Young women deserve opportunities to explore their leadership potential—especially if they don't seem like natural leaders
“Be who you needed when you were younger.”
I saw these words for the first time in an Instagram post by my friend Micah Whitson, the creative force behind Old Try. His posts are always popular, but this one exploded quickly among Old Try fans, who shared and re-posted it until even celebrities were sharing the words of wisdom.
It’s a powerful idea and something I’ve often considered: If I had a way to go back in time and visit my younger self, what would I say to that little girl?
Would I tell her what lies ahead or just reassure her that no matter what anyone says, she’s capable of going after whatever she wants in life? Would I pretend I don’t remember her awkward preteen years, that I don’t know she goes home most days wishing everything about her was different? Would I tell her to ignore the incessant brain chatter convincing her she’s not smart enough or strong enough or enough enough?
The thing is, I didn’t need that when I was younger, even if it would have been nice to hear.
I was blessed with a family who inspired and encouraged me to pursue the life I wanted. What I wasn’t blessed with was natural organizational skills or the ability to speak in public without praying for a fire drill. My genes came with a penchant for arguing passionately (and loudly) about things I believed in, but biology didn’t teach me the art of debate or how to effectively communicate with someone whose views differ from mine.
Besides, what my parents saw in me wasn’t the same thing my teachers saw at school. I was always an average student who much preferred blending into the background rather than socializing with classmates. (True story: My fourth-grade teacher got so fed up with me bringing a book to recess every day that she made a permanent no-books rule for the entire class.)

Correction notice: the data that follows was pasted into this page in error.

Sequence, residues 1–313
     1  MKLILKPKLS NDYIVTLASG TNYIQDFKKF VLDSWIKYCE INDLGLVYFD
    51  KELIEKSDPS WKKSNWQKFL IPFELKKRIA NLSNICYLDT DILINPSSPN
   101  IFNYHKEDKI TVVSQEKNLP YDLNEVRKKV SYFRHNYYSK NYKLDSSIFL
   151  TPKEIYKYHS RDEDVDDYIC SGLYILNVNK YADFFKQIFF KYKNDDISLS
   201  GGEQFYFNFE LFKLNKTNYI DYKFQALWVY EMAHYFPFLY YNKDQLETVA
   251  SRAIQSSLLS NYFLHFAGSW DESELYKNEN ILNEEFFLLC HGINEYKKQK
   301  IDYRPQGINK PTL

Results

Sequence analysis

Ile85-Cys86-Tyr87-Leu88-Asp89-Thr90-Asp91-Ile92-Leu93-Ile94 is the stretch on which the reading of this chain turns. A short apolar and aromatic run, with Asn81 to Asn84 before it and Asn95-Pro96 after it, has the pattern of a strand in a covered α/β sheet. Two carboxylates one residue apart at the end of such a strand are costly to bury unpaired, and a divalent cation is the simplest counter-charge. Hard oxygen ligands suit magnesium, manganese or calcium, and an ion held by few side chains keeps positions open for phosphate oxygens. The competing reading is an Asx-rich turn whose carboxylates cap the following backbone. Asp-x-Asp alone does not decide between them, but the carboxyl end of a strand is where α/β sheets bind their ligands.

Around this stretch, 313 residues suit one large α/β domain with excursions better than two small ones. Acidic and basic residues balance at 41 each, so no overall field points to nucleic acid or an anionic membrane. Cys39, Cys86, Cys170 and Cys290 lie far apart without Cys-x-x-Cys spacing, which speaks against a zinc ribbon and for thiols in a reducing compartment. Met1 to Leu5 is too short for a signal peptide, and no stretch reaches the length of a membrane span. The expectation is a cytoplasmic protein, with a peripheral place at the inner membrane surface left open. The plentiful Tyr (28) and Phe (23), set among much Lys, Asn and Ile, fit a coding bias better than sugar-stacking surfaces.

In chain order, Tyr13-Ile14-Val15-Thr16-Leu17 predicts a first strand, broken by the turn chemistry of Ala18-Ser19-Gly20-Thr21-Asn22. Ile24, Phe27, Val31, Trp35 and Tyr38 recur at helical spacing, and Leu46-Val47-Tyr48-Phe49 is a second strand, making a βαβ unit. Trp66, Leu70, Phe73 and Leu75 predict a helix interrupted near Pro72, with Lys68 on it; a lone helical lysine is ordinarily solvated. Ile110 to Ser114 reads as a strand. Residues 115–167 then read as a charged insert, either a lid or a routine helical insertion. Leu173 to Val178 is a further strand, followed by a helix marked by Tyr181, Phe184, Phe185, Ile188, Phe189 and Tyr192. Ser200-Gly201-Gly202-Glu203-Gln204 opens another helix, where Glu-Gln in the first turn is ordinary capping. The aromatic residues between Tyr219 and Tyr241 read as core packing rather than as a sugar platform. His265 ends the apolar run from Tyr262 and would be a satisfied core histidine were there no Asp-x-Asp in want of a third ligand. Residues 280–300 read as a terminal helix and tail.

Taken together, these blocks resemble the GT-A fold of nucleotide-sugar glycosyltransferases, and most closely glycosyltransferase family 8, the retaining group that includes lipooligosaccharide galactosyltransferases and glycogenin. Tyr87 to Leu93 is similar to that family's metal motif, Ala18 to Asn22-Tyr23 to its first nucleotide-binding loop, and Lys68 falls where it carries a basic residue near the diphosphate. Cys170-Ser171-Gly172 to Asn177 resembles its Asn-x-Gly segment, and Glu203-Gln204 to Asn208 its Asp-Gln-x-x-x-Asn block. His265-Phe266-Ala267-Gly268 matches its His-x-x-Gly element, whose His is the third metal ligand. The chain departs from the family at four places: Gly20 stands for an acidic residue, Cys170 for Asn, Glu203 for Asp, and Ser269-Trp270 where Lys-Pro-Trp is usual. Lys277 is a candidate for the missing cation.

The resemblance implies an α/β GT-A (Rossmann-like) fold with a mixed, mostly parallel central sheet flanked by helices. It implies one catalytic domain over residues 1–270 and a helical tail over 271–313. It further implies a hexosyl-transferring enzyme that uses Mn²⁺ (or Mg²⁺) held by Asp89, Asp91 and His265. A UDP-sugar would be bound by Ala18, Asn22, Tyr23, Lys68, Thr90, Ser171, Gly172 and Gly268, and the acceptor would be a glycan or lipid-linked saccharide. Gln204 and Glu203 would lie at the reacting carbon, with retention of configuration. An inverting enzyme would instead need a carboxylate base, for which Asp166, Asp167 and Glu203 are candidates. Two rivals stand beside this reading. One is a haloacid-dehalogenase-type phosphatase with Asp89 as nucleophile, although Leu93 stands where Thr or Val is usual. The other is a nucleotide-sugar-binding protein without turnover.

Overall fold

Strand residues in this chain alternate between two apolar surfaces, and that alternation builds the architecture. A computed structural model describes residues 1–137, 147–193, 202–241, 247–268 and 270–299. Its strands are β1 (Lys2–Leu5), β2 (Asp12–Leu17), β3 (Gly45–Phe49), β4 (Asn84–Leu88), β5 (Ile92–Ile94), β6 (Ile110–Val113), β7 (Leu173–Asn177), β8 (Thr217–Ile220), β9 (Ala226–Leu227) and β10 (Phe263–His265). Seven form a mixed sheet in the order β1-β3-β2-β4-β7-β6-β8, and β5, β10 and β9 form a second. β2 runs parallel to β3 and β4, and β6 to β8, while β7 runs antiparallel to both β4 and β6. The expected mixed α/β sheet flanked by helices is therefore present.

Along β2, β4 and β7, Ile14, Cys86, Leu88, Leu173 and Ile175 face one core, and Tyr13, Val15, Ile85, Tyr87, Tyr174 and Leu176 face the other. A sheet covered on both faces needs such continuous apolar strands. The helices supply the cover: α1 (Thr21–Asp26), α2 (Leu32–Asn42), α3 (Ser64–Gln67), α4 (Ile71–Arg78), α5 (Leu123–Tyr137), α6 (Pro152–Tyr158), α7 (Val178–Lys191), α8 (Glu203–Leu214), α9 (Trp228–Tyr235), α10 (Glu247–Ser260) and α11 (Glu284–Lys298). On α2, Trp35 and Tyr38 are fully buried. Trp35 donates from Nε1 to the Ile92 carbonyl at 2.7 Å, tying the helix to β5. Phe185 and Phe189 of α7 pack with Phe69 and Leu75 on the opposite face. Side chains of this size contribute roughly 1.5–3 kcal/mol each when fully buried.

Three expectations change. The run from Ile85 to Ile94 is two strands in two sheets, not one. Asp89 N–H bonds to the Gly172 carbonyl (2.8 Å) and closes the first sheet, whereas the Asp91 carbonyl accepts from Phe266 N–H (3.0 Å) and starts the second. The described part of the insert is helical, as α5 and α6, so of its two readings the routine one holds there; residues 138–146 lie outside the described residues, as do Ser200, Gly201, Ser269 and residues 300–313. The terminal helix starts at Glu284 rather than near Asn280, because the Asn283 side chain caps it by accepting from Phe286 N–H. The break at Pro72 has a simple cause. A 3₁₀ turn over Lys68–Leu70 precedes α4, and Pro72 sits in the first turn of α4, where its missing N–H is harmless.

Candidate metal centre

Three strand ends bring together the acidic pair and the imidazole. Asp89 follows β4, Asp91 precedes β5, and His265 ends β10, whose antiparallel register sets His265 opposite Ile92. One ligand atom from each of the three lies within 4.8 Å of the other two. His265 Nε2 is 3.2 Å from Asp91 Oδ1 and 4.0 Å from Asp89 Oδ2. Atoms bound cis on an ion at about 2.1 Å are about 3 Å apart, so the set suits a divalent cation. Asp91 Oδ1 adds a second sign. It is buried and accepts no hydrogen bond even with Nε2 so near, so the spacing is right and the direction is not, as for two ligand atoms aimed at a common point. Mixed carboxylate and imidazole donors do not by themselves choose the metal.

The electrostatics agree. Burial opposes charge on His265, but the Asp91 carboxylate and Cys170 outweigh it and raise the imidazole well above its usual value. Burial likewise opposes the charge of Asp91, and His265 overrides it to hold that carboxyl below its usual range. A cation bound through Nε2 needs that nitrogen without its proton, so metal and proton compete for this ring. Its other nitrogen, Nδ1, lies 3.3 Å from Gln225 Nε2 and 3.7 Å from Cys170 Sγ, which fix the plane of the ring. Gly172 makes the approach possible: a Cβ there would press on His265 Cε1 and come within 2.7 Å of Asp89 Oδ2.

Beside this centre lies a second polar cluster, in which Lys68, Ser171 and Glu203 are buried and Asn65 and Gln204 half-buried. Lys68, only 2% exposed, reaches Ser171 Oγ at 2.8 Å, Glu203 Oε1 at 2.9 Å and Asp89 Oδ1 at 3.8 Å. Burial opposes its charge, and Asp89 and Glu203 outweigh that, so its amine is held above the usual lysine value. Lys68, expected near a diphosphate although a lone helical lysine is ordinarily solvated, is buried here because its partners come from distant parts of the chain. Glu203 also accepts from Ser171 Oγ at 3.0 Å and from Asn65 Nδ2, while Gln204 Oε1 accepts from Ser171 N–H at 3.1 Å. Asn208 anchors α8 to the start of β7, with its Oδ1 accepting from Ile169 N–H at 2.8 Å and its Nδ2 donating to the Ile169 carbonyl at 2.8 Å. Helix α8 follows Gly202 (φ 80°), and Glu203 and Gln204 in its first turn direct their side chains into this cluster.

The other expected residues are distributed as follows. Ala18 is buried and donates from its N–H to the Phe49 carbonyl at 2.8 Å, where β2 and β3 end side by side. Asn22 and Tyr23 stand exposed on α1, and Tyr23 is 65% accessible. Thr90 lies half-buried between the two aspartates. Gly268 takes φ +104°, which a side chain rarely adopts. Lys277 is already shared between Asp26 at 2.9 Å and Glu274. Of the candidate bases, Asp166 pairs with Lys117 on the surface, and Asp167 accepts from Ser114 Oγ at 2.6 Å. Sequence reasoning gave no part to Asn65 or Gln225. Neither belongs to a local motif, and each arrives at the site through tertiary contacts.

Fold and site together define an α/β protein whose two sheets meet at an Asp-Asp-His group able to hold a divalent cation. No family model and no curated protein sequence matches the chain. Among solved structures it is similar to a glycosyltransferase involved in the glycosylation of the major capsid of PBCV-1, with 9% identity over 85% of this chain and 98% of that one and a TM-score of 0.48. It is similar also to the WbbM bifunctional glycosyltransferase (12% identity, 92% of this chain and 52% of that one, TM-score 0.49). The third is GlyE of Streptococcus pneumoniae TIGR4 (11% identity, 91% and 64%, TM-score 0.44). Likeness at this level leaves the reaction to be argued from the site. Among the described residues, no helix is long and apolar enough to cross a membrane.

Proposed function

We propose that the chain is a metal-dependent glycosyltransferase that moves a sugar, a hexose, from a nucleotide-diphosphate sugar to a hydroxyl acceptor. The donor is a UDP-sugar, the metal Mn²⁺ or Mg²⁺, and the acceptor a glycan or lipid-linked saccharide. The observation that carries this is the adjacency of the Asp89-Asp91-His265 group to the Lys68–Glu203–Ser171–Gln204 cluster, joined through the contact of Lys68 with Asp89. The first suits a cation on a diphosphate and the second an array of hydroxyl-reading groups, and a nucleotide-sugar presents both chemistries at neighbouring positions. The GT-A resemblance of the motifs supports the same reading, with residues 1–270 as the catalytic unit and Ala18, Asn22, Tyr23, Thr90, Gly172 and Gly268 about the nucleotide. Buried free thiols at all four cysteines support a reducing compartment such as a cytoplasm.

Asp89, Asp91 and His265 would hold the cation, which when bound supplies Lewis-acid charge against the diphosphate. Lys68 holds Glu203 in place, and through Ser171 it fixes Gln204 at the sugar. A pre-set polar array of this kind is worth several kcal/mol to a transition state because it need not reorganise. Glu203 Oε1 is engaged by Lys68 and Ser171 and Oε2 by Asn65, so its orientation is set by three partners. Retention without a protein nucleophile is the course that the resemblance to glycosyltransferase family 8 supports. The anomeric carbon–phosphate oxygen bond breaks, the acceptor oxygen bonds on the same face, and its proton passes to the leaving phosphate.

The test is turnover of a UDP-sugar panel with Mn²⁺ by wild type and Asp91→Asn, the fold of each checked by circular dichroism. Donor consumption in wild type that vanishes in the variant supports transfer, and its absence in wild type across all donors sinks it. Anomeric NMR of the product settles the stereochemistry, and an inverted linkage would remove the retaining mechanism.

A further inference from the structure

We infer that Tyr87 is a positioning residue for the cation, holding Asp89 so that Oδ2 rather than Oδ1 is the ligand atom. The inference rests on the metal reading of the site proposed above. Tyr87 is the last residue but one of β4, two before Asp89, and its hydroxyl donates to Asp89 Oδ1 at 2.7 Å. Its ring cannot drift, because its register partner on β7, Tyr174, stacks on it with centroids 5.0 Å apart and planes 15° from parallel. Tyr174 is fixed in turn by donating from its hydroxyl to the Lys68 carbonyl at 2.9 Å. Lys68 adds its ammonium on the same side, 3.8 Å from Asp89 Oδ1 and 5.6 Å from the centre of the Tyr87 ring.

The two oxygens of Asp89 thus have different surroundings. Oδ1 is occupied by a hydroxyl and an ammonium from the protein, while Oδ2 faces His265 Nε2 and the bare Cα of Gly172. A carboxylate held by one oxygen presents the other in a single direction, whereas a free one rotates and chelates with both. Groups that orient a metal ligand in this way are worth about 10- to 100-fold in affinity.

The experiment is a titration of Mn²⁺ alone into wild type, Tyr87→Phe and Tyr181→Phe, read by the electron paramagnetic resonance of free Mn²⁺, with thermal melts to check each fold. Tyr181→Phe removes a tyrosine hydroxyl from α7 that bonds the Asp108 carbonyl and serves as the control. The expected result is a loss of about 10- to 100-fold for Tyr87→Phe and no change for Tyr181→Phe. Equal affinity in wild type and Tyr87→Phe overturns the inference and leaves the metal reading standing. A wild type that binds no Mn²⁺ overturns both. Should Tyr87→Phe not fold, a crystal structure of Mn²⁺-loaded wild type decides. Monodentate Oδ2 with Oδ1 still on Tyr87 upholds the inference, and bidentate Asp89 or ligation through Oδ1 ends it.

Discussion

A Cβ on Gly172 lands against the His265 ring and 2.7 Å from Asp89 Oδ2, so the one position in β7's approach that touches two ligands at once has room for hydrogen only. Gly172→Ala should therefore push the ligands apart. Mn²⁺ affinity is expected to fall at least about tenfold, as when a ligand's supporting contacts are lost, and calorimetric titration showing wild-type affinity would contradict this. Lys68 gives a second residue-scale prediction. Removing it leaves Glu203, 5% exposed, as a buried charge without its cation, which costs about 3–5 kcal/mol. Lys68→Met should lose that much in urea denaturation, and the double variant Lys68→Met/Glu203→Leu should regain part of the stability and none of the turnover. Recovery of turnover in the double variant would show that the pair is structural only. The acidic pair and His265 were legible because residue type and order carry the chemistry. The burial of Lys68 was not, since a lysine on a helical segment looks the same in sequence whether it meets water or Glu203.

When I heard Oxford Mayor Robyn Tannehill is launching a leadership program for local fifth-grade girls, I was thrilled, particularly when I learned it’s designed for girls who might not stand out as future leaders.
What a concept, and a great one. In my experience growing up, leadership programs and similar opportunities were only designated for students who excelled in and outside of the classroom. This isn’t to say excellence shouldn’t be rewarded—of course it should. But not everyone has the same opportunities or self-confidence to get to that point during their adolescence.
“This program is not about who has the highest scores,” Tannehill told the Northeast Mississippi Daily Journal. “I want this class to look the way the real world looks and for us to learn to respect each other and talk through issues and identify what a leader looks like.”
It makes sense that Tannehill, who ran unopposed in Oxford’s mayoral election earlier this year, would launch a program like this. She announced her campaign after years of serving the community through the tourism council and later on the Board of Aldermen. Politics wasn’t something she planned on, but after years of successful service to the city, it was the only thing that made sense to her, and apparently to Oxford voters.
I hope more follow Tannehill’s lead in finding ways to tap into the potential of young women around the state. Discovering and empowering tomorrow’s generation of leaders requires more than identifying young people who fit the most-likely-to-succeed profile at age 10.
“You’re only a leader if you turn around and there is someone behind you,” Tannehill said.
Amen to that.
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